Loading
Search
NEWS STORIES

School District of Rhinelander offers online programSubmitted: 02/10/2014
Story By Kaitlyn Howe


RHINELANDER - Every school year, more and more students and parents choose virtual learning.

Students in online programs can then take classes they might not have been able
to take before.

Rhinelander High School has one of these programs.

80 students are enrolled this year.

Some only take a couple classes online and some are all online.

But online choices can cross district lines, too.

Some students decide to open enroll in an online school in a different district.

Like all districts, Rhinelander would much prefer to keep those students in
their own district.

"It's an issue for all school districts. All school districts want to keep their
students happy. So I would hope that if they're looking at opportunities outside
of the district that they'd also come in and look at our opportunities and
compare them and decide what's best for their students," says Virtual Learning
Coordinator, Kandi Bartelt.

An outside student who open enrolls into the School District of Rhinelander
can't be fully online.

"Because we are not a charter school we are a program within our school district
and for being part of the school district the state does have requirements of
physical attendance," says Bartelt.

Rhinelander virtual learning leader says students who want to take online
courses need to be self motivated.



Text Size: + Increase | Decrease -
| Print Story | Email Story
Sponsored in part by HodagSports.com





 IN OTHER NEWS

Play Video

EAGLE RIVER - In the next couple weeks, Gov. Scott Walker will release Wisconsin's budget for the next two years. Rep. Rob Swearingen (R-Rhinelander) and Sen. Tom Tiffany (R-Hazelhurst) thought it would be a perfect time to host listening sessions in a number of Northwoods communities. 

One of the sessions was at the Eagle River library Monday. Some people brought up the poor road conditions in the area. Tiffany says transportation funding is one of the items he will be looking at closely in the upcoming budget. 

+ Read More

Play Video

LAC DU FLAMBEAU - Neal McCoy doesn't take days off.  The 58-year-old country music star is in the middle of a months-long multi-state tour, which is something he's done for nearly 30 years.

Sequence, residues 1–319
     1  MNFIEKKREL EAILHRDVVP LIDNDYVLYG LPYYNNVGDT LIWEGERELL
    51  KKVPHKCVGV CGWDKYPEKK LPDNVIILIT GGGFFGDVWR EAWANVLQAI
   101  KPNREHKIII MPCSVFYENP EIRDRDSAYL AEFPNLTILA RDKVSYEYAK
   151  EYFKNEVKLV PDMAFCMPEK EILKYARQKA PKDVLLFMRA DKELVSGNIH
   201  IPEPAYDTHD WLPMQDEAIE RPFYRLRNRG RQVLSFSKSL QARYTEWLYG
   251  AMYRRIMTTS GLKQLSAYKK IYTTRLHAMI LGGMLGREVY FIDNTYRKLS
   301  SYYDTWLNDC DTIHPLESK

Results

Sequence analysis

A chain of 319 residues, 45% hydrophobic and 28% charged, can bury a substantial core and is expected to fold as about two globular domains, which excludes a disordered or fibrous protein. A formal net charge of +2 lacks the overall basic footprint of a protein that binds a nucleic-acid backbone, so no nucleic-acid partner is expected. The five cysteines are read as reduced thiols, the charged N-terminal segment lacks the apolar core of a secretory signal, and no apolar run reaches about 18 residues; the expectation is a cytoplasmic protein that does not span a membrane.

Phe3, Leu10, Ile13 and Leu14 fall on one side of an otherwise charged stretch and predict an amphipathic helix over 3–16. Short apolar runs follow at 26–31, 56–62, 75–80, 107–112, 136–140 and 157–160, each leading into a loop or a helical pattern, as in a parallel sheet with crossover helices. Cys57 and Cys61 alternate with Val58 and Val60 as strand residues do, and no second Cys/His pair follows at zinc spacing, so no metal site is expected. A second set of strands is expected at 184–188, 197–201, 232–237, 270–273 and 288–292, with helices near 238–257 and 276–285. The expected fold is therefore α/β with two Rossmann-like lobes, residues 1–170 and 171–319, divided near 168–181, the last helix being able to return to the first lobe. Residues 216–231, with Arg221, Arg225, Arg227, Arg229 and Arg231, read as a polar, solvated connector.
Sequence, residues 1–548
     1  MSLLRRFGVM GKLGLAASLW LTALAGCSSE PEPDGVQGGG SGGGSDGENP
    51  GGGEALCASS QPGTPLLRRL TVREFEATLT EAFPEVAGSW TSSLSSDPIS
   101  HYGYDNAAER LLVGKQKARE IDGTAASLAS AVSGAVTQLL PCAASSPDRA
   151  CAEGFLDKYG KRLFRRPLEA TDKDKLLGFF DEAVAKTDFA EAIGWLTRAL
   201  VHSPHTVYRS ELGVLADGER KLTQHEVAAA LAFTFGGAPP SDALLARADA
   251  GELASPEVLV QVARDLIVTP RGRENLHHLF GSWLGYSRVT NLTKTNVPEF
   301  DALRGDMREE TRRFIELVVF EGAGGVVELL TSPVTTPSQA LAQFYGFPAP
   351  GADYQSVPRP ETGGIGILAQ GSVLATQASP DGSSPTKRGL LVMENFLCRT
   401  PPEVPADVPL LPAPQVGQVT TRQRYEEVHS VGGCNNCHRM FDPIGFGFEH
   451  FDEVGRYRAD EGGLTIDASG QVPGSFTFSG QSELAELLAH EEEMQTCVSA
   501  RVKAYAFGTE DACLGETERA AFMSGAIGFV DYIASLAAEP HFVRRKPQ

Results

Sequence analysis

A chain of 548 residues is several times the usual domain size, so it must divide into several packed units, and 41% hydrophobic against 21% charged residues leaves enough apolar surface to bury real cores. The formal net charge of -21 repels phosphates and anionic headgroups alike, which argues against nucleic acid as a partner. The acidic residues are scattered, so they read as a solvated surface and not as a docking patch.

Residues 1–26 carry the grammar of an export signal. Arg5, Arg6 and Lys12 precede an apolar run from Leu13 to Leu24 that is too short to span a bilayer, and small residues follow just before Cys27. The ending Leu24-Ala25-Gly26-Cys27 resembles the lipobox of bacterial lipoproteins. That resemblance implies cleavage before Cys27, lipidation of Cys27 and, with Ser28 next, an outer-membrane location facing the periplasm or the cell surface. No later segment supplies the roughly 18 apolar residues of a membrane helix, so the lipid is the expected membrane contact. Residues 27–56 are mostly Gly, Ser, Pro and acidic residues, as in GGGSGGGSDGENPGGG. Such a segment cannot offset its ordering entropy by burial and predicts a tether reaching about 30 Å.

But it's McCoy's daily tradition, which started one year ago, that's rejuvenated the patriotic front man more than any concert does.

"I haven't slept in for quite a while now," McCoy said with a laugh.  "I know, I'm leading this crusade, if you will."

+ Read More

Play Video

MEDFORD - Mikayla Kelz grew up around politics. 

"When I was little my dad was actually a politician--just a local one, a district attorney," said Kelz. 

Seeing her dad work got Kelz interested in politics too.

"I remember going on the campaign trail with him and that just kind of sparked my interest," said Kelz.

+ Read More

Play Video

ANTIGO - The people of Antigo officially said goodbye to Christmas on Monday night.

The Optimist Club hosted the annual Christmas tree burn outside the high school. 

Last week, city workers collected and piled up hundreds of residents' Christmas trees.

Organizers say they believe the event has been going on for 30 or more years, and this year's weather was one for the books.

+ Read More

Play Video

TOMAHAWK - Sunday's Packers loss hit fans hard. But it also affected stores that support those dedicated fans.

+ Read More

Play Video

RHINELANDER - The YMCA of the Northwoods teamed up with LIVESTRONG to create a fitness program that supports
cancer survivors and patients. The 12-week program focuses on rebuilding strength and stamina.

YMCA wellness director Stephanie Ruckeim says it offers so much more than just physical strength.

"It's about trying to increase that muscle mass, increase their flexibility, their endurance and also work
on their self-esteem and self-confidence," says Ruckeim.

+ Read More

MADISON - While two Wisconsin state agencies have scrubbed references to climate change from their websites, the Division of Emergency Management has released new information on global warming and its effects on the state.

In an online post, Wisconsin emergency management officials describe how climate change could generate flooding, drought, and forest fires.

+ Read More
+ More General News
Search: 





Click Here